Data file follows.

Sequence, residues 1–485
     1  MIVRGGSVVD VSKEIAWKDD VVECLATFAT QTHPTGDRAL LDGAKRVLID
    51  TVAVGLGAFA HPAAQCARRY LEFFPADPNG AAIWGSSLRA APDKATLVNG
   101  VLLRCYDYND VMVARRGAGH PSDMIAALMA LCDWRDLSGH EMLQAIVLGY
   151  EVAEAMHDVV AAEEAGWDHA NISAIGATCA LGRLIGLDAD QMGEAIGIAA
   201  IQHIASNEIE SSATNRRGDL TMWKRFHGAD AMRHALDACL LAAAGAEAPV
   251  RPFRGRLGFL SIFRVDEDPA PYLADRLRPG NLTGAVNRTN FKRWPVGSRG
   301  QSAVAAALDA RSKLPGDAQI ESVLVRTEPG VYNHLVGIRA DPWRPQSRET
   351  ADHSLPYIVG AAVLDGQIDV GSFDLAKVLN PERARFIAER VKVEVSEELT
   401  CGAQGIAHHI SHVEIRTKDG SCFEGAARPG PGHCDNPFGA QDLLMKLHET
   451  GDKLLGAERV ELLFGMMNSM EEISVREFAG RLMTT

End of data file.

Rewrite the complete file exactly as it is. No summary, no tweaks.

Sequence, residues 1–485
     1  MIVRGGSVVD VSKEIAWKDD VVECLATFAT QTHPTGDRAL LDGAKRVLID
    51  TVAVGLGAFA HPAAQCARRY LEFFPADPNG AAIWGSSLRA APDKATLVNG
   101  VLLRCYDYND VMVARRGAGH PSDMIAALMA LCDWRDLSGH EMLQAIVLGY
   151  EVAEAMHDVV AAEEAGWDHA NISAIGATCA LGRLIGLDAD QMGEAIGIAA
   201  IQHIASNEIE SSATNRRGDL TMWKRFHGAD AMRHALDACL LAAAGAEAPV
   251  RPFRGRLGFL SIFRVDEDPA PYLADRLRPG NLTGAVNRTN FKRWPVGSRG
   301  QSAVAAALDA RSKLPGDAQI ESVLVRTEPG VYNHLVGIRA DPWRPQSRET
   351  ADHSLPYIVG AAVLDGQIDV GSFDLAKVLN PERARFIAER VKVEVSEELT
   401  CGAQGIAHHI SHVEIRTKDG SCFEGAARPG PGHCDNPFGA QDLLMKLHET
   451  GDKLLGAERV ELLFGMMNSM EEISVREFAG RLMTT